I was in the basement the other night, half watching a movie, when the Resident Diva came downstairs with a couple of friends. Since it has taken the Diva, who is a new high school graduate, a while to find a summer job, we have seen more of her around the house lately than we have all year.
She has the usual teenage aversion to being around adults whenever her friends are here, which means that she normally expects us to disappear to somewhere upstairs. But I was watching Welcome Home Roscoe Jenkins - even though I've seen the movie three or four times, there is something about it that makes me want to see my favorite parts over and over.
So the three girls plopped down on the sectional and proceeded to try to display through their body language that they were ready to watch the DVD they'd brought with them. I'd just gotten comfortable, though, and it was a long walk back upstairs, so I wasn't looking to move right away. After a few minutes, the Resident Diva started to pay attention to the movie, laughing at a couple of the funny parts at the beginning.
"How much longer is this?" The girl sitting closest to me, one of the Diva's longtime friends, had brought a couple of sheets of poster board with her. She was making a poster for her boyfriend to hand in his room. Her younger sister was sitting next to her, intently watching the TV screen, as if she was trying to decipher what the Resident Diva and I could possibly see that was funny about the way Mike Epps was acting when he suddenly appeared.
After a few more minutes, the Diva was bored. A conversation started between the three girls. I let them know that I'd seen the movie before, and was just planning to watch until the fight scene between Martin Lawrence and Mo'nique was over.
The girls' conversation started to veer into the mundane aspects of summer and their anticipation of what college life would be like. The girl nearest me volunteered a random tidbit - her father, she said, had been at home the last two days. She turned to her sister to say something and they began to speak in rapid fire Farsi. "Can we watch the DVD now?" came out of the older sisters mouth so fast it was hard for me to answer, because I was still taking in the exchange between the two siblings.
It didn't hit me until later, after I'd left them to watch the horror movie they'd rented, that there was a reason the sisters' father had been at home for the last few days. He was a scientist of sorts, with two PhD's in some area of environmental engineering. An Iranian expatriate, he had a regal bearing, and was very circumspect about his work, so being at home for two days just didn't fit his usual M.O.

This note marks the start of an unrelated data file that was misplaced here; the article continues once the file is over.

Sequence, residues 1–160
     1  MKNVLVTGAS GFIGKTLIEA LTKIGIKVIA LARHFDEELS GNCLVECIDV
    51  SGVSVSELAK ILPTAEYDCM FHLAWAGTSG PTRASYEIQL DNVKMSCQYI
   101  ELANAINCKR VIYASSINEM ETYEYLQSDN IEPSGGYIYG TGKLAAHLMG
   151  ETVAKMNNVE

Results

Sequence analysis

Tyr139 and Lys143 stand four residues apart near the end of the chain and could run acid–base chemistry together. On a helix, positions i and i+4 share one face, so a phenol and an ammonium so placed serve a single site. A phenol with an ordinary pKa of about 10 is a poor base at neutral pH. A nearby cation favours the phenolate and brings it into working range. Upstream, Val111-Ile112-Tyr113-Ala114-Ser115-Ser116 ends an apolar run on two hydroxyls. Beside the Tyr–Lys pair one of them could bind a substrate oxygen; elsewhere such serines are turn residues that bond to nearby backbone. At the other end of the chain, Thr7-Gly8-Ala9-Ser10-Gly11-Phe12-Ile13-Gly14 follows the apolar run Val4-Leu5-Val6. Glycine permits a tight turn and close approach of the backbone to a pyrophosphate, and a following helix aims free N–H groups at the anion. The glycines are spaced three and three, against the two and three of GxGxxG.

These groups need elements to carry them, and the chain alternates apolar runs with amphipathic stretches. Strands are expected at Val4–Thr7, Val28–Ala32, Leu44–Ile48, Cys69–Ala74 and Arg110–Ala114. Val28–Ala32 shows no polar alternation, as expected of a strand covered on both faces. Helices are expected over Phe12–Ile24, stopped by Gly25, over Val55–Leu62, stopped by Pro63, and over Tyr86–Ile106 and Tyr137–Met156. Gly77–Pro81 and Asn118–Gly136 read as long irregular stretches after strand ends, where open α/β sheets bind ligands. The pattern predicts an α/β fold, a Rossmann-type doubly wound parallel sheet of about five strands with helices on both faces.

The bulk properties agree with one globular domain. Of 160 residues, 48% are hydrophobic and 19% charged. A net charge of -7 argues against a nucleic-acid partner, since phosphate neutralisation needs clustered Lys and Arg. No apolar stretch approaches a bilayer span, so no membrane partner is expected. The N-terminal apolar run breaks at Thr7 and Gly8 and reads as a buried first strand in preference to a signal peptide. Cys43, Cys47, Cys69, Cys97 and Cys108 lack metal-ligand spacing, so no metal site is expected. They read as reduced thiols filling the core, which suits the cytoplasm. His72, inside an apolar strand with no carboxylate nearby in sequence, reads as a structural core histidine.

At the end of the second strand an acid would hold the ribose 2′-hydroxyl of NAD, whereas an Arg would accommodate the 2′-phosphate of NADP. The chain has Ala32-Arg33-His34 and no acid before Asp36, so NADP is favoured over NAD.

Even though he'd left Iran at eighteen to go to school here in America, it didn't take long when you talked to him to understand that he was more of an expatriate than an American citizen, even after twenty odd years stateside. He spoke often and lovingly of his childhood, and the businesses and positions of influence his relatives had back in Iran.
His teen aged daughters, despite regular visits to Iran, were as American as they come. Thinking about it later, I didn't believe these girls fully comprehended what the civil unrest in Iran meant for their aunts, uncles and cousins - their family.
It was at the part of the movie where L.A. talk show host R.J., whose real name was Roscoe Jenkins, drove down the dirt road to the Jenkins family homestead back in a small town in Georgia that the girls' cell phones started beeping, buzzing, and issuing otherworldy melodies. Then the familiar tap tap tap of fingernails against hard plastic sound began, as if they were creating additional background music to add to the movie soundtrack.
There were giggles. Laughs. And the occasional "oooh" that was a surefire conversation starter between the three of them as they stared at the little screens on their phones, taking in the latest update about who was dating who, who was not dating who anymore, who was cute, who was boring - the normal things American teenagers fill their free time doing.
I thought of this today while I read about the way the Iranians who were protesting their election were communicating with the world, risking their very lives to tap out messages that would go around the world in a few seconds, courageous messages that were about body counts and illegal police actions, to let their family and friends abroad know what was really going on in their country. These were more than just text messages. These were declarations of independence.
It is hard to believe that text messaging, a service that I alternately see as either an aggravating, impersonal, or incomplete way to communicate, depending on my mood, can have gone from being the latest social phenomenon to becoming a critical political tool so quickly.
We watched the movie - me with joy, the girls with an increasing sense of resignation - all the way until the fight scene between R.J. and his cousin Clyde was about to begin. By the time I had collected my empty glass and checked the doors, the Diva had deftly inserted the DVD of the scary movie they wanted to watch in the player so fast the opening credits were already running across the screen by the time I was ready to head upstairs.
I left the three of them down there, safe and secure, tapping away at their phones to their friends while they settled in to watch manufactured horror, the red light of the alarm system glowing from above as if it it were an actual sentry whose job it was to watch over them.